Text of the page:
Helping others may seem like a circular way of boosting your happiness, but Nataly believes even small gestures – such as pulling out a chair for a colleague, or checking in with them about their day – releases oxytocin in both the giver and the receiver. Over time, it also fosters a sense of belonging at work and can lead to office friendships – one of the most common factors in job satisfaction.
The mindset shift encouraged by practising ‘intentional kindness’ means it is worth doing for your own happiness, says Nataly. At 3pm every day, she receives a reminder to ‘be kind’. Sometimes this is as simple as texting someone she hasn’t spoken to in a while and telling them that she’s thinking of them. “I cannot tell you how much that means to people.”
It is well known that strong relationships are important to happiness, but what those look like – and how to forge them – can be ambiguous. “Happiness can feel very abstract,” says Gretchen Rubin, the author of The Happiness Project. “My approach is to think about what you want, then break it up into manageable, concrete actions that you can actually take.”
In terms of improving relationships, this might look like making a regular time to call or meet a friend, committing to attend a reunion or throw a party, or having a daily exchange with someone in public. Every five days or so, Gretchen’s family email each other an update on the ‘boring, everyday stuff’ of their lives, freed from any pressure to entertain or expectation to reply. “We realised that, by staying in touch with the little minutiae, we would feel more connected – and it’s absolutely working.”
Making warm greetings and goodbyes habitual at home is another small, but effective, shift. “I always think that I don’t want to be less enthusiastic than my dog!” says Gretchen. Such low-level commitments are less daunting to start with, and easier to keep up – and they make a real impact. We all have different definitions of happiness, Gretchen says, whether it be joy, peace, satisfaction, bliss. “My way of thinking about it is, today, next month, next year – are there things you can do to be happier?” she says, “and, if there are, why not do them?”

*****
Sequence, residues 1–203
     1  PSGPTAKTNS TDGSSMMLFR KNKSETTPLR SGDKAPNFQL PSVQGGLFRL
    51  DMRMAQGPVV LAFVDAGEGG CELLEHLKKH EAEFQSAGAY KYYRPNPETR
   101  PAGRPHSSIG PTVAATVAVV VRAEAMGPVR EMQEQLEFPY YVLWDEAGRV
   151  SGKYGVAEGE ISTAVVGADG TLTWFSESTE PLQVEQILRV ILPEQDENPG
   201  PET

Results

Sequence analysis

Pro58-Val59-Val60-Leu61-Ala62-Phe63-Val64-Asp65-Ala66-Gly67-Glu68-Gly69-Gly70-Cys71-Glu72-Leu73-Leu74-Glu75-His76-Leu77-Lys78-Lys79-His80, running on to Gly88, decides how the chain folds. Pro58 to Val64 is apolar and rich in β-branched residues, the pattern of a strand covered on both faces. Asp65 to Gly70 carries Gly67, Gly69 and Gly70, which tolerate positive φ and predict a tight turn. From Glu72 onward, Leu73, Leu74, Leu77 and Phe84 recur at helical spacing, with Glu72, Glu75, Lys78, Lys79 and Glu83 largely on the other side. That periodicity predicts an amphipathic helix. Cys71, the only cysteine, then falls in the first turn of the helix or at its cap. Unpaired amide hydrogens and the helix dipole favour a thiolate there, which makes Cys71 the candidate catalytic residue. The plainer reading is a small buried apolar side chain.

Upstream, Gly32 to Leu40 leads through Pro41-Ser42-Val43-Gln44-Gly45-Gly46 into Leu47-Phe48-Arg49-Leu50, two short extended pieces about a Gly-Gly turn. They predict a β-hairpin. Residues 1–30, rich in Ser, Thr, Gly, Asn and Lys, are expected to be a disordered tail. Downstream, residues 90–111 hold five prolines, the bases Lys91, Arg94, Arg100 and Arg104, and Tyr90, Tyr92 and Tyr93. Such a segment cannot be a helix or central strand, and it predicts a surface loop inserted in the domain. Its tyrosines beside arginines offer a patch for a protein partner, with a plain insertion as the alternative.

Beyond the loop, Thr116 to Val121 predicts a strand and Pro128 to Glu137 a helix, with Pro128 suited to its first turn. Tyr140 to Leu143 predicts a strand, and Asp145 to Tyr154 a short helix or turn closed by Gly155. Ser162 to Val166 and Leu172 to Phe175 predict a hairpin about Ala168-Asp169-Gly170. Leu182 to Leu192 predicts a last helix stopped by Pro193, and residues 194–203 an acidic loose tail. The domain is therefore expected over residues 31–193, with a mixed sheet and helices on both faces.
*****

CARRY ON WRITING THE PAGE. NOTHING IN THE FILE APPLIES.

If Gretchen comes across an improvement at home that she can make in less than a minute, she does it immediately. For her, ‘outer order contributes to inner calm’, so happiness can be as simple as a clean kitchen bench or a decluttered shelf. “It feels trivial – and yet, over and over, people say, ‘When I have control of my environment, I feel like I have control generally,’” she says. “Like making your bed every morning – it gives people a lift, more than really makes sense.”
Often this is understood as minimalism – but Gretchen points out that there are many happy, successful people who take pleasure in being surrounded by their possessions. It is not a moral failing to prefer abundance, and making your personal space reflect your values and interests ‘can be very pleasing,” she says.
Early to bed
Play, gratitude and kindness may factor into a life full of joy, but so can discipline. A sense of control is more important to happiness than many people realise, says Gretchen. Prosaically enough, this is inextricable from exercise, sleep and good money management. Too often, happiness is located solely in the moment, she says, when it could be achieved through giving up sugar or alcohol, or setting an alarm to go to bed on time. “Sometimes, to be happier in the long run, we have to ask more of ourselves or deprive ourselves of something,” Gretchen explains. “A happy life is not one that’s focused only on the present.”
In the same vein, putting off a difficult or boring task can detract from your daily experience more than getting stuck into it. Sarah says she rolls her eyes at the framing of self-care as ‘baths and candles’. “I love those things, but if doing your tax return is really making you anxious, maybe the kindest thing you can do for yourself is to make a start.” It may not be what is typically understood by joy, but sustainable, long-lasting happiness involves recognising that there are many shades on the emotional palette. Research shows that occasionally accepting the presence of harder emotions means you experience them less intensely and for less time.
In fact, the first step towards a joyful life may be letting go of your ideas of what that looks like – and recognising that it is down to you.